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The role of complemente componente C4 on human astrocyte functions

Grant number: 22/16095-0
Support Opportunities:Scholarships in Brazil - Master
Effective date (Start): May 01, 2023
Effective date (End): April 30, 2025
Field of knowledge:Biological Sciences - Genetics - Human and Medical Genetics
Principal Investigator:Andréa Laurato Sertié
Grantee:Isabella de Sousa Nóbrega
Host Institution: Instituto Israelita de Ensino e Pesquisa Albert Einstein (IIEPAE). Sociedade Beneficente Israelita Brasileira Albert Einstein (SBIBAE). São Paulo , SP, Brazil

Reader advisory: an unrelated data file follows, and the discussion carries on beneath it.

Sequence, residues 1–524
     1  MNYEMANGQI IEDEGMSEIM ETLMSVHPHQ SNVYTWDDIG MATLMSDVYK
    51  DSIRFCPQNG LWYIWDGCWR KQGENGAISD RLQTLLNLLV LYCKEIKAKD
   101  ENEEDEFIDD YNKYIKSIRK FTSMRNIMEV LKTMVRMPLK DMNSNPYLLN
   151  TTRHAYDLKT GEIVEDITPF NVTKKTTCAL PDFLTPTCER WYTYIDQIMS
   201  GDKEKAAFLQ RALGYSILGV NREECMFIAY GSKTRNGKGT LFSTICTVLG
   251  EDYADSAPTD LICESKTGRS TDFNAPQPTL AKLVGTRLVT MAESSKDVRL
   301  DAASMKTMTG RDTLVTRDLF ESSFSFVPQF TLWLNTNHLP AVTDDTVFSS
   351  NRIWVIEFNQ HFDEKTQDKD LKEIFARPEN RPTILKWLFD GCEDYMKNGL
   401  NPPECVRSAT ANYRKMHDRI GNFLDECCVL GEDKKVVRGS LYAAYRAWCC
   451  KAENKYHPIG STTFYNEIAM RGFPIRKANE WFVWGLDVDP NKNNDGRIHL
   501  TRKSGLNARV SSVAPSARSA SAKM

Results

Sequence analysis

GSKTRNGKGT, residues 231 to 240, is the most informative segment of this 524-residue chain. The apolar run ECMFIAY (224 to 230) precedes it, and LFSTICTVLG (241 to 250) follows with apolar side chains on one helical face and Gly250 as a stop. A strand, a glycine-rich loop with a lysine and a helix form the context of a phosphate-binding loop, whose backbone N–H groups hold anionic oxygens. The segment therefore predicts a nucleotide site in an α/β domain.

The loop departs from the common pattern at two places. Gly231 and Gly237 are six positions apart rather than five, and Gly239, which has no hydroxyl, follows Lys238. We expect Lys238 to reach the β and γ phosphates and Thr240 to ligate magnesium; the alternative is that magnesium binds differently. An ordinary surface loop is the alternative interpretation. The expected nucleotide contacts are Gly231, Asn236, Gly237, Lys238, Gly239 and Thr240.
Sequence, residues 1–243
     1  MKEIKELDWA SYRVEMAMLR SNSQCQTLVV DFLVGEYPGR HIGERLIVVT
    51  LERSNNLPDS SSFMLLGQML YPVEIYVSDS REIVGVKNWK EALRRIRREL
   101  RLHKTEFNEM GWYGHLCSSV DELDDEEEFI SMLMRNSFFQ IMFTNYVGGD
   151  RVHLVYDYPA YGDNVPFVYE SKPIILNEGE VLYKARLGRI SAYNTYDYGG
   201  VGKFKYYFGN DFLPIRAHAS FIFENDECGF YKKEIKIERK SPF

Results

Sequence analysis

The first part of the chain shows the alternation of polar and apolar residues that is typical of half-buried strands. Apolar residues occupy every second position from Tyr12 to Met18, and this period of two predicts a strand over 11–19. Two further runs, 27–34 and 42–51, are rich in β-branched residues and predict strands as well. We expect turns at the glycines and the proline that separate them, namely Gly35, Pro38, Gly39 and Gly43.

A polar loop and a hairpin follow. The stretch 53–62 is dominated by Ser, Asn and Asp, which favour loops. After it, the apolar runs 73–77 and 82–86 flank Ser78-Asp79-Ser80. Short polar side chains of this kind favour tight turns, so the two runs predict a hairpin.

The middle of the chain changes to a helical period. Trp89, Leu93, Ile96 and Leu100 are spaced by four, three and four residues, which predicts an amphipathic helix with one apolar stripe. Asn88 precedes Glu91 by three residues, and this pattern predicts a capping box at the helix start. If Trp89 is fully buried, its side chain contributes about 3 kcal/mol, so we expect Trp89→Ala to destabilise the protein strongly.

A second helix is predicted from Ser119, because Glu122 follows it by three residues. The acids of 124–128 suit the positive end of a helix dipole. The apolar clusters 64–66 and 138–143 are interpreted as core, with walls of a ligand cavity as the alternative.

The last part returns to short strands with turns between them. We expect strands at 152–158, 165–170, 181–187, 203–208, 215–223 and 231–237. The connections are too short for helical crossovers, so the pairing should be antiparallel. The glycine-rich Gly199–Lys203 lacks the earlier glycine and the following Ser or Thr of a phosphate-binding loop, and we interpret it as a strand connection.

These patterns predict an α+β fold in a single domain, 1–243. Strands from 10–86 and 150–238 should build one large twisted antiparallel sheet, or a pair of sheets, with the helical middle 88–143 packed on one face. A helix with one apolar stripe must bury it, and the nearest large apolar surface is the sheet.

The Complement System (CS) consists of a set of circulating and cell membrane proteins that play essential roles in the body's defense against pathogens and tissue injury. In addition, in recent years, several studies have shown that CS proteins also play important roles in brain development and plasticity, both under normal physiological circumstances and after an insult, such as inflammation. All major cell types in the brain (including neuroprogenitor cells, neurons, glial cells, and microglia) express at least some components of the CS, which contributes to processes such as neurogenesis, neuronal migration, synaptic pruning and brain remodeling. Furthermore, it was shown that CS knockout mice or mice that overexpress certain CS components (such as C1q, C3 and C4) may present behavioral abnormalities similar to those observed in individuals with Autism Spectrum Disorder (ASD). Recently, our research group have analyzed the expression of several CS components in different brain cell types derived from induced pluripotent stem cells (iPSCs) of individuals with ASD and neurotypical controls, and observed that complement C4 mRNA and protein are expressed in significantly lower levels by astrocytes derived from ASD individuals compared to control astrocytes. However, the functional consequences of decreased C4 expression and secretion by astrocytes are still unknown. This project aims to verify whether astrocytes differentiated from iPSCs edited to knockout copies of the C4A/B genes present alterations in differentiation, morphology, proliferation, secretion of cytokines and/or CS molecules. To this end, we will use as an experimental model iPSC-derived astrocytes from 2-3 control individuals, which will be edited by the CRISPR-Cas9 methodology to knockout copies of the C4A/B genes and thus decrease the expression of the C4 protein. These edited astrocytes, as well as wild-type isogenic lines, will be analyzed according to their morphology and ability to differentiate, proliferate, secrete cytokines and/or CS components.

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